Summary: There is good news for people suffering from depression, anxiety, substance abuse, and other mental health disorders. New research published in the journal Clinical Psychological Science explains how people who have suffered from mental illness can go on to develop a long-lasting sense of well-being and achieve a “high-functioning” life.
Past research on mental illness has focused mostly on chronic and recurring mood, anxiety, and substance use disorders that keep people from thriving and enjoying life. New research published in the journal Clinical Psychological Science, however, reports that many people who have suffered from mental illness are able to thrive and lead a high-functioning life.
“Our research tells us how many people can recover from a mental illness and go on to experience a life with high levels of well-being and functioning,” said Andrew Devendorf, a researcher at the University of South Florida and lead author of the article. “Contrary to traditional clinical wisdom, we found that mental illness and substance use disorders may reduce but do not prevent the possibility of thriving.”
The researchers also found that having longer episodes of mental illness or experiencing multiple mental illnesses in one’s lifetime reduces, but does not eliminate, the chances of thriving.
Data for this research came from the 2012 Canadian Community Health Survey—Mental Health, a nationally representative survey that included more than 25,000 Canadian participants aged 15 to 80 and older. The survey collected information about participants’ lifetime and 12-month mental health status, their access to and perceived need for formal and informal services and supports, their functioning and disabilities, and other factors that influence mental health.
“These findings show that mental illnesses reduce—but do not preclude—the possibility to meet thriving criteria.”A. Devendorf, University of South Florida
Devendorf and his colleagues compared the mental health conditions tracked in the survey and other data associated with each participant’s quality of life, including their social relationships, positive emotions, perceived quality of life, and functioning (ability to fulfill life roles). The researchers then calculated how many people with a lifetime history of mental illness—including depression, anxiety, bipolar disorder, or substance use disorder—met “thriving” criteria at the time of the study.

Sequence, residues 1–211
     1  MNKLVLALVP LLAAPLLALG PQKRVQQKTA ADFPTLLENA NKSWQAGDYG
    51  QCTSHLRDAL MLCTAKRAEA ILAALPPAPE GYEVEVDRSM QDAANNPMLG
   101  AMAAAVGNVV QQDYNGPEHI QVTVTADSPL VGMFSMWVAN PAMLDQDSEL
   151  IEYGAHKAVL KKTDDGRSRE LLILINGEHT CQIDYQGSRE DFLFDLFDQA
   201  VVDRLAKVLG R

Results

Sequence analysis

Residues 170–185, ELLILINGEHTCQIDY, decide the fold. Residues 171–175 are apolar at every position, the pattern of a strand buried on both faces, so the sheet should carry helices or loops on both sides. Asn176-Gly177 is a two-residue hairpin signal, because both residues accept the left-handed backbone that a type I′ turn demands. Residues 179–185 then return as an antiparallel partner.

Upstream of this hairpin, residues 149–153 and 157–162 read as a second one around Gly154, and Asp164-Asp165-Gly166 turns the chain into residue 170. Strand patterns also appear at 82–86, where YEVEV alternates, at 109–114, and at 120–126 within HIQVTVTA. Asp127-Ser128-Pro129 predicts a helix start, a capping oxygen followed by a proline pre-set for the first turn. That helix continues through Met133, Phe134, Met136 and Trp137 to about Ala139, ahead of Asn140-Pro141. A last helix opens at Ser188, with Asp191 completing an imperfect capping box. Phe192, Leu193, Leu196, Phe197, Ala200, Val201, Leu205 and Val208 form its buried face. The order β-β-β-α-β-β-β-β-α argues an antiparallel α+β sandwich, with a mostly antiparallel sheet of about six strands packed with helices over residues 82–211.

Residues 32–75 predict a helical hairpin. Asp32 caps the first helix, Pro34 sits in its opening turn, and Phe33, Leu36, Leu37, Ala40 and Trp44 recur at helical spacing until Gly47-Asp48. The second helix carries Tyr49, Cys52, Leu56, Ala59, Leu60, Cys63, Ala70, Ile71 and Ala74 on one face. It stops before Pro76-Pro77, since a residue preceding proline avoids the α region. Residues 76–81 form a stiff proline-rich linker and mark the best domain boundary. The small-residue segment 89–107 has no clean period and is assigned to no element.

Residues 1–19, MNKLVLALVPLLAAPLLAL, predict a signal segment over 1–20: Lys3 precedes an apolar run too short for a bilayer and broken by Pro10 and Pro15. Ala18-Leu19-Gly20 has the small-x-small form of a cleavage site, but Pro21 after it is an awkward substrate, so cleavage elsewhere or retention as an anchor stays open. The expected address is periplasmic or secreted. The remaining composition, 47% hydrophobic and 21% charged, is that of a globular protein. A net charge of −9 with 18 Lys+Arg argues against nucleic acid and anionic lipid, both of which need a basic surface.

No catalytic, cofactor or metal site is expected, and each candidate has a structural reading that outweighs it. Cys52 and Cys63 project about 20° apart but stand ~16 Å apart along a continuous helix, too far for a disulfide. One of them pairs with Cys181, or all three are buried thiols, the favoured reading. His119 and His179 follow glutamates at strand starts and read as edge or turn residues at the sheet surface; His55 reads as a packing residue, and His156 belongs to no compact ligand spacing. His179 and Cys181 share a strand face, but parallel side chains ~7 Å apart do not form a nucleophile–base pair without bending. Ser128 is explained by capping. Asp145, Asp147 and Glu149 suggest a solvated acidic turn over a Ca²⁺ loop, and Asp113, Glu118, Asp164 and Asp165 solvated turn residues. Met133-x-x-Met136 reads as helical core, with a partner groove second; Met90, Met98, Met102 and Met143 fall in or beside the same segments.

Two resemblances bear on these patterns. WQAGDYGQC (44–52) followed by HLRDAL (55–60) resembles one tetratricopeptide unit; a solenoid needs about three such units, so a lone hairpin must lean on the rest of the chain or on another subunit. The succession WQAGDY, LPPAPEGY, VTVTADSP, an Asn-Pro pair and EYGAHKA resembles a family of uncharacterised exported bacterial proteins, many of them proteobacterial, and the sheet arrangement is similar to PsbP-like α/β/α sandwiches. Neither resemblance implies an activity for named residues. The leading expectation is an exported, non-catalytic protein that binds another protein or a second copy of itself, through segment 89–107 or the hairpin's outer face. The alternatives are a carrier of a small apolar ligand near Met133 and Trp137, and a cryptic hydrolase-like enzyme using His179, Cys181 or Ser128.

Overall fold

The researchers noted that this study used a relatively strict definition of thriving, which included a three-part definition. First, a person had to be free of a diagnosed mental illness in the past 12-months. Second, a person had to demonstrate very high levels of well-being by scoring in the top 25% on a well-validated measure of social, emotional, and psychological well-being. Third, a person had to demonstrate the ability to function in everyday roles by scoring in the bottom 25% on a widely used measure of disability status.
“We set a very high bar for thriving,” said Devendorf.
The results of the comparison showed that about 10% of Canadians with a history of mental illness met thriving criteria, compared to about 24% of Canadians who did not have a history of mental illness. People with a history of substance use disorders (10%), depression (7%), and anxiety (6%) were more likely to thrive compared to people with a history of bipolar disorder (3%).
“These findings show that mental illnesses reduce—but do not preclude—the possibility to meet thriving criteria,” said Devendorf. “Although thriving after mental illness was not necessarily common, it should be noted that diagnostic recoveries after mental illness were much more common.”
The study found that about two thirds (67%) of people with any mental illness in their lifetime met symptomatic recovery, meaning they no longer met the diagnostic criteria for a particular illness. The rate at which people recover from mental illness and attain moderate to good, rather than optimal, levels of well-being is likely much higher, the researchers speculate.
“While we know traditional mental health treatments, like therapy and medication, can reduce mental illness symptoms, there is a lack of research on how treatments affect outcomes like well-being and functioning,” said Devendorf. “Now that we know thriving is possible after mental illness, we hope that researchers will begin to investigate how existing treatments can increase the chance for thriving after mental illness.”
Related Research >
Feedback on this article? Email email@example.com or comment below.
Media may request a copy of this article at: firstname.lastname@example.org.
Reference: Devendorf, A., Rum, R., Kashdan, T., & Rottenberg, T. (2022). Optimal well-being after psychopathology: Prevalence and correlates. Clinical Psychological Science. Advance online publication. https://doi.org/10.1177/21677026221078872